Skylab’s Findings about Long-Duration Spaceflight

The results from NASA’s first long-duration space missions suggested that space motion sickness could not be predicted in an astronaut. Military pilots with many hours of flying experience might get worse symptoms than non-pilots who are prone to motion sickness. A lower body negative pressure device indicated that body fluid shifted upwards in microgravity, and confirmed the bodily sensations of astronauts. However, cardiovascular deconditioning, which was a big worry, appeared to stabilize after four to six weeks. Decreases in red blood cell mass and minerals were other topics of concern during Skylab. Some bone loss was noted in the lower extremities. Also, a significant increase in the excretion of calcium in crewmembers’ urine was measured in all of Skylab 4’s crewmen. Significant nitrogen and phosphorus were also lost, presumably associated with muscle atrophy.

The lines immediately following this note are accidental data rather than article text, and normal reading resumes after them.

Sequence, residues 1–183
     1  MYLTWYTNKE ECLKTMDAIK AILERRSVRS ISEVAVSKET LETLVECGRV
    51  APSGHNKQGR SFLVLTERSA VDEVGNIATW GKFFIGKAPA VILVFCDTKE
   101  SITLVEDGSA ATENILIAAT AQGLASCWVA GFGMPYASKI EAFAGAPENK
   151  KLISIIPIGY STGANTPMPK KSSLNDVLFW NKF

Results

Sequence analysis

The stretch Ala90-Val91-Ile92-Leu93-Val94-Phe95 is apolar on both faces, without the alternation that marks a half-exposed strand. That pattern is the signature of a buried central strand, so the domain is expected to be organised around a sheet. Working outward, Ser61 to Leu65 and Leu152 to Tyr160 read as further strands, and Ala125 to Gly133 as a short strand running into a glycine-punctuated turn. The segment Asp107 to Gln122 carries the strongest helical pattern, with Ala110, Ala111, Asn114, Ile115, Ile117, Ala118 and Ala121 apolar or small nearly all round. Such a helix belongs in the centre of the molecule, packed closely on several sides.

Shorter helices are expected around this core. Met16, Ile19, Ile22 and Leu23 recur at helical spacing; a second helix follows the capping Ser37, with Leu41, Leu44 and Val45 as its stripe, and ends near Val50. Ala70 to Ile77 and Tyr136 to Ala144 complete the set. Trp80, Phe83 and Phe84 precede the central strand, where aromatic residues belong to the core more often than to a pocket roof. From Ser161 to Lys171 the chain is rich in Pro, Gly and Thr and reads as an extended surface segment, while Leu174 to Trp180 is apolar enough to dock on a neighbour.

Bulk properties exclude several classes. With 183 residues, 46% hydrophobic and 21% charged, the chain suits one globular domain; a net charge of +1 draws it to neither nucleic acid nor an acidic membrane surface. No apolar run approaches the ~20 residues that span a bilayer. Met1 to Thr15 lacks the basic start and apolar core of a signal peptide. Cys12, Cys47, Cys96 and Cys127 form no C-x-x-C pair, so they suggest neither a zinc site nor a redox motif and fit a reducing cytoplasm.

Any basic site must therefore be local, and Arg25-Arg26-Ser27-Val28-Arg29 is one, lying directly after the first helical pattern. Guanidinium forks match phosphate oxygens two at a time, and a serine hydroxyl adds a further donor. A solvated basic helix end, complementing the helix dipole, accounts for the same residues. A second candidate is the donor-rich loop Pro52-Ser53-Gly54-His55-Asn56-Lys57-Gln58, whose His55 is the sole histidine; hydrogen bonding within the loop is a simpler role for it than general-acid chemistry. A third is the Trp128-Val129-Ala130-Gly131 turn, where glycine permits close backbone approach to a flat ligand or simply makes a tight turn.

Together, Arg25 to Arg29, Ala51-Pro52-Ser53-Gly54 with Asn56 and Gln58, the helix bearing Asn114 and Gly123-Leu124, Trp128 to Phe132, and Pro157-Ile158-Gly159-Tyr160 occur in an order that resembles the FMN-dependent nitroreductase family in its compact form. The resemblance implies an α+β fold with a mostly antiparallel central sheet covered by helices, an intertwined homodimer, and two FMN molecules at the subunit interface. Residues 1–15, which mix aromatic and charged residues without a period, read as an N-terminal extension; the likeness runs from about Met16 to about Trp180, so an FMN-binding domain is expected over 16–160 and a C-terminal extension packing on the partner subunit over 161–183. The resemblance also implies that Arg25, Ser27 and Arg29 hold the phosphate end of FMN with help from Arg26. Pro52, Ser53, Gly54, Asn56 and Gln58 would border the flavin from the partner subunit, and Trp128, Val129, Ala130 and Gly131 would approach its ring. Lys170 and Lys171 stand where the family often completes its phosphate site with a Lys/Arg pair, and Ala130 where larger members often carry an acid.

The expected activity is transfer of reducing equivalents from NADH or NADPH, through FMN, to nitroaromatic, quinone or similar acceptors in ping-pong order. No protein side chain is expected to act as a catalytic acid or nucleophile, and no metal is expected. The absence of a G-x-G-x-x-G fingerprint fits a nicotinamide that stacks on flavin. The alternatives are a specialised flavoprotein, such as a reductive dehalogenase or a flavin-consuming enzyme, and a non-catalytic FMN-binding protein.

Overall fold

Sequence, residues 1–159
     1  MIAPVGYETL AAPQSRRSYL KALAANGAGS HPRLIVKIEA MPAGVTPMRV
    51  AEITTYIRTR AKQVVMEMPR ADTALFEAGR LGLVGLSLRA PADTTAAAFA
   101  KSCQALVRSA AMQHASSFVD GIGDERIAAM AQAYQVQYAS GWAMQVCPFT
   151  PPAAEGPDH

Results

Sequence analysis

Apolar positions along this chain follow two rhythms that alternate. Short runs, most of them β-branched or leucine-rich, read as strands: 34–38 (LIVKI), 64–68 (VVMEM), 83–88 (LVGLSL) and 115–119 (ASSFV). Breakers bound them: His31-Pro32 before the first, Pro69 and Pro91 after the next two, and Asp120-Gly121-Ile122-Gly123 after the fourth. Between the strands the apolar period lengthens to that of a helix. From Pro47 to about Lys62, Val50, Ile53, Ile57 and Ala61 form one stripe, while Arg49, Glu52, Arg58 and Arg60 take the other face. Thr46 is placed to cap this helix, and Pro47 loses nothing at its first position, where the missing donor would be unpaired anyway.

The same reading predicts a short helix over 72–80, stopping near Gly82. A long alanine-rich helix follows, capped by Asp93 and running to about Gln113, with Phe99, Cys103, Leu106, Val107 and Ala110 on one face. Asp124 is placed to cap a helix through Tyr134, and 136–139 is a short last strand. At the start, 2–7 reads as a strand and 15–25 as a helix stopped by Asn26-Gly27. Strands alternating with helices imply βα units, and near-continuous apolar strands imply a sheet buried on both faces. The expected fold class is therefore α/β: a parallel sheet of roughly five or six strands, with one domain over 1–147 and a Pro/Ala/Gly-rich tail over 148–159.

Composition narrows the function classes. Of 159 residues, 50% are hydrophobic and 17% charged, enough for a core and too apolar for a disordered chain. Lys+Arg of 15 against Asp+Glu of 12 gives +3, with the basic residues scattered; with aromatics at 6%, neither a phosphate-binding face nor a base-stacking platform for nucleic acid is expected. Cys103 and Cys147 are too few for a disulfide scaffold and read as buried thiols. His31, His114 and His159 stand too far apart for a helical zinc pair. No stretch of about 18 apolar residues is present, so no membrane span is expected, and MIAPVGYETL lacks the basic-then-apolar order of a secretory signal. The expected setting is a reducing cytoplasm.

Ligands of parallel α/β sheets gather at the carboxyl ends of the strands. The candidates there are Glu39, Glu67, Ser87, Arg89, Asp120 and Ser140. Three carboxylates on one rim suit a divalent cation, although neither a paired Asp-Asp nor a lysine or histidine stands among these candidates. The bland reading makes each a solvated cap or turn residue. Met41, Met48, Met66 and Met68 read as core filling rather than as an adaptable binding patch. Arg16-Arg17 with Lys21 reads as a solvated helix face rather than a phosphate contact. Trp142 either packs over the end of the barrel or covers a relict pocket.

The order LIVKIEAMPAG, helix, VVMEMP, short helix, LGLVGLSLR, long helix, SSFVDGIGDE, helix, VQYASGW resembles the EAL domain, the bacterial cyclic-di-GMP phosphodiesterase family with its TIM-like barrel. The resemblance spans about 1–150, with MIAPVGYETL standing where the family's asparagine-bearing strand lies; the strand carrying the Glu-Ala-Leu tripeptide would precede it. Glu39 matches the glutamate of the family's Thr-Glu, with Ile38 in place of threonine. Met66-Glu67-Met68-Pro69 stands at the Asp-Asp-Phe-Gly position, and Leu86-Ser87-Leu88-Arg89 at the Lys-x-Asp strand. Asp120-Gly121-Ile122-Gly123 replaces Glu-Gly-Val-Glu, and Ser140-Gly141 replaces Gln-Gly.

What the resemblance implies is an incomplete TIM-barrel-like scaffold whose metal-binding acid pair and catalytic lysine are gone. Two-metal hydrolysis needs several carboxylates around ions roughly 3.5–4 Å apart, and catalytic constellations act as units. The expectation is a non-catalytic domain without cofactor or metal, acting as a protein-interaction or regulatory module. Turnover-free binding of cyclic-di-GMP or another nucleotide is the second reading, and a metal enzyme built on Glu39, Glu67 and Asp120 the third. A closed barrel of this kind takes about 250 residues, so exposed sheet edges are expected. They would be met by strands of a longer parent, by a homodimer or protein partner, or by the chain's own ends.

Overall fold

NASA would not get another opportunity to study the human body’s response to long-duration microgravity conditions until the Shuttle-Mir Program, 21 years later.

See diagrams of Skylab

Read about Early Space Station Activities - 1923 - 1965

Next Chapter - STS-60: A Cosmonaut Flies on the Shuttle!